Directors and funds sued over their Silicon Valley technology firm’s "underpriced" $425 million sale to Blackberry have asked Delaware’s Chancery Court to enforce or void terms in a damages settlement with investors, in light of issues with JPMorgan's payment into the $52 million overall deal.
The computer programmer behind EA's "John Madden Football" video game has urged the U.S. Supreme Court to review a Ninth Circuit decision that cost him $3.6 million in royalties when it ruled that expert testimony could not be used to satisfy a burden of proof in his case.
The Senate passed a suite of tweaks to telecommunications laws, concentrated on increased consumer protections for 911 calls and the “internet of things,” before leaving D.C. for the summer Thursday.
Bose blasted a proposed class action accusing the company of secretly collecting and sharing information about app users’ listening habits, telling an Illinois federal court Thursday that a consumer can't invoke the Wiretap Act over close-range Bluetooth communications between an app and headphones.
In a recent Law360 guest article, Christopher Bogart of Burford Capital LLC claimed that "while theoretically well designed to find the proverbial needle in a haystack, big data and AI currently lack the ability to do so usefully in a commercial litigation financing context." But AI can manage many of the tasks that litigation financiers would otherwise perform, says Eva Shang, co-founder of Legalist Inc.
The U.S. Copyright Office recently initiated its seventh triennial rulemaking proceeding to evaluate proposed exemptions to the anti-circumvention provision in the Digital Millennium Copyright Act. With each passing cycle, the proceeding has grown in interest, participation and complexity, say Jacqueline Charlesworth, former general counsel of the Copyright Office, and Michelle Choe of Covington & Burling LLP.
Uber's recent Telephone Consumer Protection Act settlements come after a long string of similar actions plaguing businesses across the nation. Each settlement, including those like the ones Uber is currently finalizing, serves to embolden private plaintiffs and their counsel, say Joshua Briones and Crystal Lopez of Mintz Levin Cohn Ferris Glovsky and Popeo PC.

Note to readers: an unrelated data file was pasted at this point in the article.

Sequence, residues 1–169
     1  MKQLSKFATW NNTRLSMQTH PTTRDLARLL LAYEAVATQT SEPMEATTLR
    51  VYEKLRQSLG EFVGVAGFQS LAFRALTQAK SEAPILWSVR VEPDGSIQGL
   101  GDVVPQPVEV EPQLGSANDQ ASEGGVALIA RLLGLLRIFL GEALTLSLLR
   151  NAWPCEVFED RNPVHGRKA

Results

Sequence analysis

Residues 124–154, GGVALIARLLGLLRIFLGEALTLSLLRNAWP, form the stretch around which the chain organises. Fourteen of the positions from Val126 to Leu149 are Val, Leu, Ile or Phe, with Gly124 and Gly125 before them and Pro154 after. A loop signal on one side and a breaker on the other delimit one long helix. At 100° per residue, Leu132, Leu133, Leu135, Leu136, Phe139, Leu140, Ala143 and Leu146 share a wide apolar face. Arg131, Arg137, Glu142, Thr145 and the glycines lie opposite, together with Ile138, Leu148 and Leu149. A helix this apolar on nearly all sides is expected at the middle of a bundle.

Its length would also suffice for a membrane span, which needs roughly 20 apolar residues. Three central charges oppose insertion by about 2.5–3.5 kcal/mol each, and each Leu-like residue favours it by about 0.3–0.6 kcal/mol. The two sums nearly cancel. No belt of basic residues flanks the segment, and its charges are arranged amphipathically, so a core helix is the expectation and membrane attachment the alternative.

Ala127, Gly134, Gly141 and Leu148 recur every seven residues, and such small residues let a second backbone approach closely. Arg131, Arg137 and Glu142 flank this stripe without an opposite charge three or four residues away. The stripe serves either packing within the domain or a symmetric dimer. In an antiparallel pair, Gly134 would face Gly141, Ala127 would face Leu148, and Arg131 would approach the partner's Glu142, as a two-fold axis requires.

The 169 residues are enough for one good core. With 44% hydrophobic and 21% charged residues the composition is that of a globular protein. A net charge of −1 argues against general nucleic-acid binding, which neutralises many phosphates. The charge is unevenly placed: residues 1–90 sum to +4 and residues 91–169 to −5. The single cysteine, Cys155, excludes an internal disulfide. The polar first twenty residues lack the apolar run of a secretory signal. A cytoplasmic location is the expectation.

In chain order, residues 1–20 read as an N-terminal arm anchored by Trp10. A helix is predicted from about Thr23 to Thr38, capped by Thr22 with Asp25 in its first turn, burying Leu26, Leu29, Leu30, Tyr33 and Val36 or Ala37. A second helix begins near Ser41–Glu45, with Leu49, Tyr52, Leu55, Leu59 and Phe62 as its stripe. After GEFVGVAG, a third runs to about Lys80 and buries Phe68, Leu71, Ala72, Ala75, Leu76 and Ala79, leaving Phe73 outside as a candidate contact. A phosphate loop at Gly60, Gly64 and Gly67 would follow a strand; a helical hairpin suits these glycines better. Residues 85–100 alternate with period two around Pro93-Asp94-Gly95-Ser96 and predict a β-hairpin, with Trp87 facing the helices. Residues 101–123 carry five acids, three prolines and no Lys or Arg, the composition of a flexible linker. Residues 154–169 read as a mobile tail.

Artificial intelligence and machine learning will continue to be a major focus for the legal community, whether as an isolated topic, as it intersects with cybersecurity, or within the legal profession itself. Each of these raises unique concerns for attorneys, says Randy Sabett, vice chair of Cooley LLP's privacy and data protection practice group.
In the final part of this series, Andrew Greenfield of Fragomen, Del Rey, Bernsen & Loewy LLP examines a new regulation that clarifies when a new employer can take advantage of a prior employer’s sponsorship without incurring the cost and risk of new sponsorship.
In part 2 of this three-part series, Andrew Greenfield of Fragomen Del Rey Bernsen & Loewy LLP explores some of the questions surrounding a new type of temporary U.S. work permit designed to bridge a gap in employment authorization while the employee seeks alternate green card sponsorship.
Most people probably assume the access they give an app or the personal information they enter into an app is strictly confined to their personal phone. But this assumption is incorrect and could potentially lead to a significant loss of privacy or even identity theft, say Amy Furness and Olga Vieira of Carlton Fields Jorden Burt PA.
On the heels of the U.S. Supreme Court's TC Heartland decision, Judge Rodney Gilstrap of the Eastern District of Texas recently ruled on venue issues in Raytheon v. Cray — but the court did not stop there. The judge also laid out a four-part framework for determining what constitutes “a regular and established place of business,” say Yar Chaikovsky and Wei Wang of Paul Hastings LLP.
By allowing attorneys to summarize what has just occurred in testimony and how it fits into the wider case narrative, courts can substantially improve juror comprehension through every step of a trial. Yet interim arguments are not practiced regularly, say Stephen Susman, Richard Lorren Jolly and Dr. Roy Futterman of the NYU School of Law Civil Jury Project.
Recent amendments to the Rules of Civil Procedure mean issues like spoliation, sanctions and adverse impacts are focus areas for many attorneys, providers and clients. David Turner of FTI Consulting Inc. discusses the technological best practices regarding preservation and proportionality, as well as the challenges associated with clients' structured data.